India 296 and 164 for 3 (Kohli 44*, Rohit 43) need another 280 runs to beat Australia 469 and 270 for 8 dec (Carey 66, Labuschagne 41, Starc 41, Jadeja 3-58, Shami 2-39, Umesh 2-54)
Under bright skies and on an Oval pitch that seemed to ease out against all expectations, India's batters set up a potentially thrilling final day, racing to 164 for 3 at more than four an over to keep alive their pursuit of a world-record fourth-innings target. Australia remain favourites, with India needing a further 280 on the final day, but they may have a lot of hard work ahead of them to take the seven remaining wickets, with the second new ball 40 overs away.
India may have still felt a little cross with themselves at stumps, though, losing perhaps a wicket more than they would have liked by then, two of them to aggressive shots. Rohit Sharma was lbw to Nathan Lyon, missing a sweep from a stump-to-stump line, and Cheteshwar Pujara toe-ended an attempted ramp over the slips off a Pat Cummins bouncer.
Both batters will argue, though, that these are shots they usually play well. They will also argue that the same positivity had helped them stitch a second-wicket stand of 51 in 77 balls. The two wickets, however, fell in the space of five balls, turning 92 for 1 to 93 for 3.
It was the perfect opening for Australia to bulldoze through, but Virat Kohli and Ajinkya Rahane were having none of it. They ended the day reprising the same positivity that had gone before, putting on an unbroken 71 for the fourth wicket, with both batters looking in excellent ball-striking rhythm. Conditions, too, didn't seem to test them, with the pitch showing far less tendency to produce inconsistent bounce than it had done through the first three innings of the match. Kohli and Rahane ended the day with control percentages of 93 and 97 respectively.
As they safely negotiated the last over of the day, a largely India-supporting crowd was in fine voice, a section of them belting out this number from the 1975 blockbuster Sholay: "yeh dosti, hum nahin todenge [we'll never break this friendship]." Australia will want to break it as soon as possible when day five dawns.
The crowd had been far less pleased some two hours earlier, though, after India lost their first wicket off what ended up as the last ball before tea, following a near-run-a-ball opening partnership of 41. Scott Boland got one to straighten and kick in the corridor, Shubman Gill pushed at it with hard hands, and Cameron Green dived low to his left to pluck out a superlative gully catch, his second of the match. Gill stood his ground, though, and the decision went up to the third umpire. As is often the case with these low grabs, replays seemed inconclusive, but the decision went in Australia's favour.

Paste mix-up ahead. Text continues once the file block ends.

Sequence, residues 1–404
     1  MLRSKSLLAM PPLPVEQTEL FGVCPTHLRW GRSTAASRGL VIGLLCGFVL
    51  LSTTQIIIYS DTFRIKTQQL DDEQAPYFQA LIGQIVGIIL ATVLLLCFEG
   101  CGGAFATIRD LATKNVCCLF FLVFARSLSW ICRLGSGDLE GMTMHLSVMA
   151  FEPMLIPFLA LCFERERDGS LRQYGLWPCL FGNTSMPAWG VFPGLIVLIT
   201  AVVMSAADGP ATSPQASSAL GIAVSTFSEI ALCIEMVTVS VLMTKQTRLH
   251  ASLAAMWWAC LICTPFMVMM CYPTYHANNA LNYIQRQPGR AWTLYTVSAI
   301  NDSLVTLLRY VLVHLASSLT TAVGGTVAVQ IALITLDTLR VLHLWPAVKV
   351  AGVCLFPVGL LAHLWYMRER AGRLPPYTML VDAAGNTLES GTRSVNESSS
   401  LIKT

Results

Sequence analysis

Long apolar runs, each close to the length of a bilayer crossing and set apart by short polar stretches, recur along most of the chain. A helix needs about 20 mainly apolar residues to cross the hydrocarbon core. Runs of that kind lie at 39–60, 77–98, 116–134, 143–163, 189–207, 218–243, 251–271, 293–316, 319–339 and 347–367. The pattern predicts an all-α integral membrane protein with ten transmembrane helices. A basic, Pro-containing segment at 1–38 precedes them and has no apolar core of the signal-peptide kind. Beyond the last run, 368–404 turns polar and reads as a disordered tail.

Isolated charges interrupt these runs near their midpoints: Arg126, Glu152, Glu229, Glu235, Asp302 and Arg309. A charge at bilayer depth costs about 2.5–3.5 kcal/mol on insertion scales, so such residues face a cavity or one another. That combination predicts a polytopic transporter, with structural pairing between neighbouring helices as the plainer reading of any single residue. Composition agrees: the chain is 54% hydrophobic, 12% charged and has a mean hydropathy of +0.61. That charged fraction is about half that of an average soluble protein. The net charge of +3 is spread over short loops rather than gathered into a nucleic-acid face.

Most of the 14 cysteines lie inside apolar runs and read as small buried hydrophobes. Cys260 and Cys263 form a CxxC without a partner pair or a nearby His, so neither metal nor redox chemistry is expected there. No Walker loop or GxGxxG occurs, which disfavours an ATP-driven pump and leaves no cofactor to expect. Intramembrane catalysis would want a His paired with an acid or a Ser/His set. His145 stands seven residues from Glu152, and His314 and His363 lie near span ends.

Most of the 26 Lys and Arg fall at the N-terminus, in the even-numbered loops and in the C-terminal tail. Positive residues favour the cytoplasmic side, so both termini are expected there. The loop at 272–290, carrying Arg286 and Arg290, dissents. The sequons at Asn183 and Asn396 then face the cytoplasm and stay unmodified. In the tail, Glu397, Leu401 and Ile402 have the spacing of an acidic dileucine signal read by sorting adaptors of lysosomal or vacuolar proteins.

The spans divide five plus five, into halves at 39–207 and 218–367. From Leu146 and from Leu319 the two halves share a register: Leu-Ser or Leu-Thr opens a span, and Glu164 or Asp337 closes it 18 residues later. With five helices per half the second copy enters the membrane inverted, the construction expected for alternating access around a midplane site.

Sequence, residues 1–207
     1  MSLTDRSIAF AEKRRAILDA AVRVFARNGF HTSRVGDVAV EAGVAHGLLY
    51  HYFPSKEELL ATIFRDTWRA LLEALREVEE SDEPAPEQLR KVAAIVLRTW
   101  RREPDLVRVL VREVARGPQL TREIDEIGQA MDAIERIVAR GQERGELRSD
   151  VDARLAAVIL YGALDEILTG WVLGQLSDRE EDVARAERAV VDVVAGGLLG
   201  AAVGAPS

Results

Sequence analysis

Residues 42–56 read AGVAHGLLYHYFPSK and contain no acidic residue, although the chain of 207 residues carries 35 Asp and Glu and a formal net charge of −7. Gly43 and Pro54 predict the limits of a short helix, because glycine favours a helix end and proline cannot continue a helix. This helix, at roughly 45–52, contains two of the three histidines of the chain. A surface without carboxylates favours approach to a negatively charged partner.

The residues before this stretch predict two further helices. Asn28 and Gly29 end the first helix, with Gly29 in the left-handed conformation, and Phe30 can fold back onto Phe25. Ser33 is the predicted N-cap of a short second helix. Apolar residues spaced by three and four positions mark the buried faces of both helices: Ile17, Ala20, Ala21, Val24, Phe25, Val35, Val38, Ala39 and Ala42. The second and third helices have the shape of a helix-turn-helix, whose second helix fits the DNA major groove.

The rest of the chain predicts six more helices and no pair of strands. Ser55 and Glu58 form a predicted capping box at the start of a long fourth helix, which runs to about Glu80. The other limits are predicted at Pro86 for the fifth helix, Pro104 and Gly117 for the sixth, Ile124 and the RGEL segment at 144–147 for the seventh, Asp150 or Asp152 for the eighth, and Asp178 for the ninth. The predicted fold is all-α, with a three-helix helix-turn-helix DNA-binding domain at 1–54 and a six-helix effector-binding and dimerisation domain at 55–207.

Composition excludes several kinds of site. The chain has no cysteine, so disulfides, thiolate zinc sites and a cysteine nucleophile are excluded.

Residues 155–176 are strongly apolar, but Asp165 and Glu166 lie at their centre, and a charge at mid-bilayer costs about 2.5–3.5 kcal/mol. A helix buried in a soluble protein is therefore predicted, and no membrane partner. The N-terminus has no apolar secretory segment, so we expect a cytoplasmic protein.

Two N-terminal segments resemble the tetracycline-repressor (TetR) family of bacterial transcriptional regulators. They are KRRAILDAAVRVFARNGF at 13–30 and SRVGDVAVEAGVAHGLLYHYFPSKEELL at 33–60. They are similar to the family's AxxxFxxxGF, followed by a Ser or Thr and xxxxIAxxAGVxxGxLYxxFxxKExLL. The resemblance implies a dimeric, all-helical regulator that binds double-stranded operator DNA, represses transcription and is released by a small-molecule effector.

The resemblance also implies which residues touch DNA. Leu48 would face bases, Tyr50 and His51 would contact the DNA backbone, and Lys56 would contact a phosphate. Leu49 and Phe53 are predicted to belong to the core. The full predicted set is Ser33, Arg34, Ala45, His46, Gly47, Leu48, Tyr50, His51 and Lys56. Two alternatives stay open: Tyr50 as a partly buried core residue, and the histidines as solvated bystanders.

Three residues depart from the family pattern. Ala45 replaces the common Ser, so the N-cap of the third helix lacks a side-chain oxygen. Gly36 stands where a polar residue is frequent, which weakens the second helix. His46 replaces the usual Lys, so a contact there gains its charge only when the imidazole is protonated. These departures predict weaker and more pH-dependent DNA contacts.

Chants of "Cheat! Cheat! Cheat!" continued to follow Green through the rest of the evening, particularly when he bowled. A World Test Championship that had been full of quality cricket now had the one ingredient it had been missing: controversy and needle.
During the first session of the day, Green had had a far different effect on the crowd, keeping them quiet as he added 18 runs in 87 balls to his overnight score of 7. His dismissal was in keeping with the tone of his innings: he attempted to pad away a Ravindra Jadeja delivery from over the wicket only for the ball to hit his pad and roll onto the wicket.
By then, Australia had added 44 to their overnight 123 for 4 while losing two wickets in 19 overs - Marnus Labuschagne the other batter dismissed, nicking Umesh Yadav to first slip. India had bowled with discipline while extracting just enough from the surface to keep the batters vigilant; with Australia's lead just 340, they may have hoped to wrap their innings up before it got to 400.
Alex Carey, however, ensured that it swelled well beyond that figure, scoring an opportunistic 66 to go with his 48 in the first innings, and putting on 93 for the seventh wicket with Mitchell Starc. Both batters began cautiously and had their moments of discomfort, particularly against Jadeja finding sharp turn and bounce from the footmarks outside the left-handers' off stump, but grew increasingly confident as India's quicks tired.
Mohammed Shami, who had bowled frugally and beaten the bat multiple times without any reward in his previous spells, came back when India took the second new ball and dismissed Starc and Pat Cummins when they were looking to slog for quick runs. Australia declared at the stroke of Cummins' dismissal, setting India a never-before-achieved 444 to win.
It may have been a nostalgia-inducing moment among old-timers at the ground. In 1979, a Sunil Gavaskar double-hundred had inspired India to a thrilling draw at The Oval; they finished on 429 for 8 after being set 438 by England. There's still a chance that Sunday may bring similar levels of excitement.